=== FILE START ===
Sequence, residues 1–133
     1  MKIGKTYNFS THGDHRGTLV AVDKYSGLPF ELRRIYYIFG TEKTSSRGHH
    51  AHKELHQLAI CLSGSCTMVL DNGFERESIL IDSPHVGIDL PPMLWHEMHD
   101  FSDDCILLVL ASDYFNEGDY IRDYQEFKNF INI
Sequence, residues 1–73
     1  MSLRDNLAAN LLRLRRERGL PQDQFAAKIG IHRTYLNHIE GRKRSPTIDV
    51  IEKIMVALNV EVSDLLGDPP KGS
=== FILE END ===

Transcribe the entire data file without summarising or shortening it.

Sequence, residues 1–133
     1  MKIGKTYNFS THGDHRGTLV AVDKYSGLPF ELRRIYYIFG TEKTSSRGHH
    51  AHKELHQLAI CLSGSCTMVL DNGFERESIL IDSPHVGIDL PPMLWHEMHD
   101  FSDDCILLVL ASDYFNEGDY IRDYQEFKNF INI
Sequence, residues 1–73
     1  MSLRDNLAAN LLRLRRERGL PQDQFAAKIG IHRTYLNHIE GRKRSPTIDV
    51  IEKIMVALNV EVSDLLGDPP KGS